"If you’re a fan of Paula’s books and Web sites, you’re well aware that she’s a big proponent of using skin-care products that contain antioxidants. Research has shown time and again that topically applied antioxidants have multiple benefits for skin, particularly in the presence of sunlight. What I didn’t fully realize was how critical antioxidants are as we age. Here’s what I learned from a recent article published in the peer-reviewed journal Cosmetic Dermatology:
- Skin exposure to UV radiation can completely exhaust the skin’s natural supply of antioxidants. With continued unprotected sun exposure, UV rays can act like a kid in a candy store, indiscriminately “helping themselves” to your skin’s support structure. It’s as though your skin’s soldiers (its natural supply of defenses against oxidative damage) have laid down their arms, allowing the enemy to win the war. The result? With continued unprotected sun exposure, skin’s oxidative defense system becomes incapable of fully regenerating itself. What’s worse, the little that does get regenerated is consistently weakened and less capable of defending skin from damage.
- Topically-applied antioxidants not only prevent damage from reactive oxygen species (or ROS, rouge molecules generated by free radical damage) but they also help prevent the conversion of normally harmless or helpful substances in skin into pro-oxidants. Imagine that: going without sufficient antioxidant protection and ignoring sun protection means innocent substances in skin begin acting like criminals, looting your skin of what it needs to look youthful and resist damage.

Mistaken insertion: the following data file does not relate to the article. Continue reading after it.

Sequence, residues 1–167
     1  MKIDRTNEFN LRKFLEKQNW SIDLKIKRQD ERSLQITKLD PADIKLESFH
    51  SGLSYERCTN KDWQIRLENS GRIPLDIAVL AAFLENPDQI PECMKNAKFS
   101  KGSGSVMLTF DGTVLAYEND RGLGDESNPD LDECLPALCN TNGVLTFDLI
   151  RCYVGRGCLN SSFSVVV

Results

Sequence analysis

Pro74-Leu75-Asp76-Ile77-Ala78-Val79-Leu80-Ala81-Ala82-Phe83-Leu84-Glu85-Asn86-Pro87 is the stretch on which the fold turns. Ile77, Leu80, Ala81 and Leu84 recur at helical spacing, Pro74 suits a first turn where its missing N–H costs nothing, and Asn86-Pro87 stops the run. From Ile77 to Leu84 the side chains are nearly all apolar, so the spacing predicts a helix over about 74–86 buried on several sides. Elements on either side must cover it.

- This last point I already knew but it bears repeating: there is no single best antioxidant. In fact, shopping for skin-care products centered around one antioxidant (like vitamins C or E) means you won’t be giving your skin its best chance of recovering from the various types of damage caused by oxidation and sunlight. There are thousands of antioxidants available, and among those that have the most research, one thing has become clear: different antioxidants have different strengths and weaknesses. For example, although vitamin C is involved in collagen synthesis, it isn’t fat soluble. That means it needs help to penetrate the lipids (fats) naturally present in skin if it is to reach its target and do the most good. Some antioxidants are all-around free radical scavengers while others work better to regenerate substances in skin that work to defend it from oxidative damage and inflammation. The bottom line is that taking a cocktail approach to using antioxidant topically is best. Variety is the spice of antioxidants!
I am continually fascinated by new research concerning how antioxidants impact our skin and overall health. Learning about how and why they work and how they should be formulated for maximum efficacy is one of the most exciting parts of my job. Best of all is the feedback we get from customers who’ve used our antioxidant-rich serums and moisturizers. The changes they see in their skin are exactly how well-formulated products loaded with antioxidants are supposed to work. Couple this with daily sun protection, a healthy diet, and smart lifestyle choices and you’re well on your way toward keeping skin’s defense systems ready to handle the reality of living in an oxygen-rich world."